More red faces over Cabinet's Rovers

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The Independent Online

The Government is facing further embarrassment over the collapse of MG Rover: it has just bought three new Rover saloon cars for its Cabinet ministers.

The Government is facing further embarrassment over the collapse of MG Rover: it has just bought three new Rover saloon cars for its Cabinet ministers.

Officials are trying to delay delivery of the cars until after the general election next month, to avoid drawing voters' attention to the plight of Britain's last big car maker, which has gone into administration.

The three automatic Rover 75 cars - one each in red, silver and blue - were ordered at the beginning of this month, when the Government still hoped it could save the company.

But they have been sitting in a factory since MG Rover went into administration two weeks ago. A spokesman for the Government Car and Dispatch Agency (GCDA), which is part of the Cabinet Office, insisted that senior ministers would use the cars soon, but did not specify when. "They will not be stored up," he insisted.

The £20,000 cars will be the first, and last, delivery on an exclusive agreement for Rover to supply the Cabinet with petrol-powered cars. The agreement, signed by Tony Blair at the beginning of the year, came after three years of lobbying by MG Rover.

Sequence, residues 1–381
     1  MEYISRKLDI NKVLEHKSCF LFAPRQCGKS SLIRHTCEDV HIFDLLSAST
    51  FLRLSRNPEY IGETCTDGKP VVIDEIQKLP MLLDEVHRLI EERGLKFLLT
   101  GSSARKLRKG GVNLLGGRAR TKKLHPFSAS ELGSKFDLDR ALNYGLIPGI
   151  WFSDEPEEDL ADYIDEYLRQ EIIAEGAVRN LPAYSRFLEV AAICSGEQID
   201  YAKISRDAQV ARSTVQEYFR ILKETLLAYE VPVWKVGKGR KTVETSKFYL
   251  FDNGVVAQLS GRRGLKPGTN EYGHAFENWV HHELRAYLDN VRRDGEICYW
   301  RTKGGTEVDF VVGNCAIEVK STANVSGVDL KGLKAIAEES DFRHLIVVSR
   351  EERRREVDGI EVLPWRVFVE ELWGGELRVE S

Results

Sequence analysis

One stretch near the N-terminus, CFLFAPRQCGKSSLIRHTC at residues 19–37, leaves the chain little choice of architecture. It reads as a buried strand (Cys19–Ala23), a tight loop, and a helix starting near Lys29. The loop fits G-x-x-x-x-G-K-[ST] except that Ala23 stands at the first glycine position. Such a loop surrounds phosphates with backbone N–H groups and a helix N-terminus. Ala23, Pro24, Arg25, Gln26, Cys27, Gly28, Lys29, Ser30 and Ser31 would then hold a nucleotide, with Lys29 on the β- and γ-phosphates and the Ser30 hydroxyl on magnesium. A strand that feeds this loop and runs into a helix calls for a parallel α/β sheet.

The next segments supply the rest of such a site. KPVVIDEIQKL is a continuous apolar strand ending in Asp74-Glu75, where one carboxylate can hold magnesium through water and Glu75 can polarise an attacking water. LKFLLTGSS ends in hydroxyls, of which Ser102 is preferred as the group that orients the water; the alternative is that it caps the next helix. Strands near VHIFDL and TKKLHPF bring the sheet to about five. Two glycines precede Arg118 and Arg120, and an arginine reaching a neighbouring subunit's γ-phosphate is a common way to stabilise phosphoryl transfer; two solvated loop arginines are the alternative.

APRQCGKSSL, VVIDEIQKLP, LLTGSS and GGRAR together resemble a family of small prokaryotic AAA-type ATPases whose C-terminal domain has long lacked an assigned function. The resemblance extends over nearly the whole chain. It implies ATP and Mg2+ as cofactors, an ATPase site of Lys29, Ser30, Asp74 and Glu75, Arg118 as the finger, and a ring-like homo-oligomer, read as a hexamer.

The company has complained that the Government has not done enough to support the car maker, for example by using its cars in public to boost its image. Other European governments usually only use national car manufacturers' vehicles for public duties.

Mr Blair angered MG Rover executives when he took delivery last May of two specially fitted, armour-plated Rover 75 cars, but then did not use them. Baroness Thatcher and Health Secretary John Reid are using them instead.

One MG Rover source said he suspected that the order had originally been made as a PR stunt. "All the help was too little, too late," he said. The GCDA denies that the order was politically motivated.

It has also emerged that Shanghai Automotive Industry Association (SAIC), which pulled out of a rescue joint venture deal with MG Rover, could challenge any attempt by the car maker's administrators, PricewaterhouseCoopers, to sell any of its main assets. SAIC claims that it owns the intellectual property to the Rover 25, 45 and 75 models, as well as the Powertrain engines which are also used for MG sports cars. It says this prevents other companies from trying to make these cars.

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